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Court approval for Patriot Coal reorganisation

World Coal,

A US court in St. Louis has given approval to Patriot Coal’s proposed terms of reorganisation, which will allow the company to exit from bankruptcy with fewer retiree obligations, saving US$ 130 million/year for the next four years.

US bankruptcy judge Kathy Surratt-States – the same judge whom first ruled in favour of Patriot Coal in the company’s battle with America’s largest mining union – approved Patriot Coal’s disclosure statement. This statement provides creditors with the details of the company’s exit plan, so they can then vote on it. The plan includes an agreement with Peabody Energy Corp. that will compensate retired miners for health-care benefits.

Settlements and agreements

In October, Patriot Coal reached an agreement with Knighthead Capital Management, LLC, to financially sponsor the company’s emergence from bankruptcy. The US$ 250 million agreement will backstop two rights offerings in a reorganised Patriot. According to court papers, settlements between Patriot and Peabody Energy and Arch Coal Inc. would add a further US$ 150 million in value.

The Peabody settlement is set to provide US$ 310 million for Patriot retirees. The company agreed to make payments through 2017, as well as fund a group that will determine future benefits for the retirees.

Peabody Energy has faced criticism from the United Mine Worker’s Union (UMWA) for the role the union sees it as playing in the eventual bankruptcy of Patriot.

‘Set up to fail’

Patriot was created by Peabody in 2007, in a move that spun off operations and reserves in central and northern Appalachia, as well as the Illinois Coal Basin. The UMWA accuses Peabody of giving Patriot 16% of its assets and 40% of its retiree liability, thus setting it up to fail as a means of disposing of unprofitable assets.

Patriot acquired further retiree liabilities when the company acquired Magnum Coal in 2008. Magnum had been created in similar circumstances to Patriot, having been spun off from Arch Coal in 2005 in a move that saw Arch transfer 12% of its assets and 97% of its liabilities to Magnum.

When Patriot filed for bankruptcy in July 2012, citing a decreasing demand for coal and an obligation to pay US$ 1.6 billion in lifetime healthcare benefits for its 8100 retirees, over 90% of the retirees had never worked for Patriot.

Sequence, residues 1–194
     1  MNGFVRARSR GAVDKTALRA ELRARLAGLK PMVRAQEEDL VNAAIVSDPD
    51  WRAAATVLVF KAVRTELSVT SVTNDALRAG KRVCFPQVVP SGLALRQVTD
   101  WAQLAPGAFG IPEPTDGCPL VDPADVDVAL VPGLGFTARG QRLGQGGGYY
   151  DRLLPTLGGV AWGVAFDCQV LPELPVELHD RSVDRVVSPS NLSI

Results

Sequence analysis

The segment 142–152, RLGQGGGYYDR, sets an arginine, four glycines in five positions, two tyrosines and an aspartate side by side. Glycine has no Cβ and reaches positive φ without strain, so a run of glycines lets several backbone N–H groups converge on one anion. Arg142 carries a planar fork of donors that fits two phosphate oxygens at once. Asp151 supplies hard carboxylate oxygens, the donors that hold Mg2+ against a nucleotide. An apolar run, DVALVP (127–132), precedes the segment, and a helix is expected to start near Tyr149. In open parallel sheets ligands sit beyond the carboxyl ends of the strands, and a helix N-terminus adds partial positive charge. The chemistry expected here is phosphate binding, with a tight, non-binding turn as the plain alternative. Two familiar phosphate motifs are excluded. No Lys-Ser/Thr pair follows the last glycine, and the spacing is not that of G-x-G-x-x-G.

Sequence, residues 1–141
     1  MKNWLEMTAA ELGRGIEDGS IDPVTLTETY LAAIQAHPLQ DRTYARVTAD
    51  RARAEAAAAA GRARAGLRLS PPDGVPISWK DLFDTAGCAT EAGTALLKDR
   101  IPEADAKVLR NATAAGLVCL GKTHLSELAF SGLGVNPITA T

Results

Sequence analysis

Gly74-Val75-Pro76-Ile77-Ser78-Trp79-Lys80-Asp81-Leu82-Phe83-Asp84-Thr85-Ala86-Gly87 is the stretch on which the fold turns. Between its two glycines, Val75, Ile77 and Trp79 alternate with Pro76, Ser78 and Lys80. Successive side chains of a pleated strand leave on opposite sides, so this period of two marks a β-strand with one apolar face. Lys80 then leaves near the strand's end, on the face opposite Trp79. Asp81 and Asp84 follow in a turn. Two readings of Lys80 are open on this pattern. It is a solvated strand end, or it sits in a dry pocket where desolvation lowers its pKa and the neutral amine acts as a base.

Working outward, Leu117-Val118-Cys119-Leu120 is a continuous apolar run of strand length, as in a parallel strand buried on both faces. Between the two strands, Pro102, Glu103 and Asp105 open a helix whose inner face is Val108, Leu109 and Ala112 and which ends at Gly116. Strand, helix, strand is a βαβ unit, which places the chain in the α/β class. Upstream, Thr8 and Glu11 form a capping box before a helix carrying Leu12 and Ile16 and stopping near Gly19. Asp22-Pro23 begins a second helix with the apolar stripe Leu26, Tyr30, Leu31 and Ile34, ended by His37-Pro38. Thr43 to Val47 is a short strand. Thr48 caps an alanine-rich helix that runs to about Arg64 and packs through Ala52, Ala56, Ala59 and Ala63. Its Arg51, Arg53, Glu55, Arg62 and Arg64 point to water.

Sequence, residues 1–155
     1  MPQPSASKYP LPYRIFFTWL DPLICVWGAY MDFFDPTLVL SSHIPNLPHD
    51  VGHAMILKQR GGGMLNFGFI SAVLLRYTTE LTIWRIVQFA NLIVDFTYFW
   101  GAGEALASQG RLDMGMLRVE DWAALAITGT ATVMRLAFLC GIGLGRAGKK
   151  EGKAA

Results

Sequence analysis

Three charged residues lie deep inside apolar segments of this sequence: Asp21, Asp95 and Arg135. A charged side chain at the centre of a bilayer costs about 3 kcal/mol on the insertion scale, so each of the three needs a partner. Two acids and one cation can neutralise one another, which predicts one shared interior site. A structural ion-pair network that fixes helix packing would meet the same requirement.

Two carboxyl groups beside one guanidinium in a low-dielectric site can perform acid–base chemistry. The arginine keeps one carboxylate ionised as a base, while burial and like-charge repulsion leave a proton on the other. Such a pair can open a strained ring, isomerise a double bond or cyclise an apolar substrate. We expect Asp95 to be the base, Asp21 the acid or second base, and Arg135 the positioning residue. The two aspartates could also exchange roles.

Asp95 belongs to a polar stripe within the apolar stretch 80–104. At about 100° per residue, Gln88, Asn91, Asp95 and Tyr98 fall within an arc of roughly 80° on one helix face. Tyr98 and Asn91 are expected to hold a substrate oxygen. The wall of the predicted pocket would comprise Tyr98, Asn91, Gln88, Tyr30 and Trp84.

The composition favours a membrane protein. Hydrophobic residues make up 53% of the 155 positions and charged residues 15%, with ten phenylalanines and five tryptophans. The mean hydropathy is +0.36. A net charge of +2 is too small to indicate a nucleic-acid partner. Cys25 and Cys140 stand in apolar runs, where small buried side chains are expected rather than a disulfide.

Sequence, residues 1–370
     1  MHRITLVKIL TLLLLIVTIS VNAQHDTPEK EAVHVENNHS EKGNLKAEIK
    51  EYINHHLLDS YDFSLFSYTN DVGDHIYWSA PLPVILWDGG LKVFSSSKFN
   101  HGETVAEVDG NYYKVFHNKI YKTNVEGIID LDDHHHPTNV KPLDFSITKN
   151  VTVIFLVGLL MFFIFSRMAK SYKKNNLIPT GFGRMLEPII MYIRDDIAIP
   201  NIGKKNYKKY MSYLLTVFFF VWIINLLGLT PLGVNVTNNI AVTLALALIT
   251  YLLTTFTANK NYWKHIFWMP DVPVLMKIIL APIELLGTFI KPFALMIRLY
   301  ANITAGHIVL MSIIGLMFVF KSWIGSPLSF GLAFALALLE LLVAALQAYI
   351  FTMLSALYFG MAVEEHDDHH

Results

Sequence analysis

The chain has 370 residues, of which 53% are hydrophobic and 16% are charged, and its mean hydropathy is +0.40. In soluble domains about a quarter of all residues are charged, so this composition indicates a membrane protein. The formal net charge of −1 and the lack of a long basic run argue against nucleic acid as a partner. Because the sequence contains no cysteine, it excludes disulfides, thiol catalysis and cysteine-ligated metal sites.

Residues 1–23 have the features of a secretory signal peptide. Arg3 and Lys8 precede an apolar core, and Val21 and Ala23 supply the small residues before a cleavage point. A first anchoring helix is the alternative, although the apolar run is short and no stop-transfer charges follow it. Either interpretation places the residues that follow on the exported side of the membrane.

A lawsuit filed against Arch Coal and Peabody Energy by the UMWA was dismissed at the end of September. The UMWA asserts that coal industry workers are entitled to lifetime benefits, a position that has been held since 1946, when President Harry Truman took control of the nation’s coal mines during a strike. However, in a 13-page order, Judge Joseph R. Goodwin granted motions by Peabody and Arch to dismiss the lawsuit.

Plans for reorganisation

Patriot’s plans for reorganisation come with approval to reduce pensions and benefits to 13,000 unionised workers and retirees. The UMWA and Patriot reaches an agreement in August, which included a limit to wage cuts to US$ 1/hour, down from US$ 7/hour that was allowed by Surratt States in her initial ruling in June. As of January 2015, workers will also be eligible for a US$ 0.50/hour pay rise.

The latest ruling allows Patriot to “immediately commence the process to solicit votes on its plan of reorganisation as outlined in filings with the court,” the company said in a statement.

Patriot’s CEO, Bennett K. Hatfield, said the court’s ruling “represent an important milestone on Patriot’s path to emergence [from bankruptcy].” “The rights offering and the settlements with Peabody and Arch lay the foundation for completion of our exit financing in the next few weeks. We remain on schedule for emergence from bankruptcy in mid to late December.”


Edited from various sources by Sam Dodson

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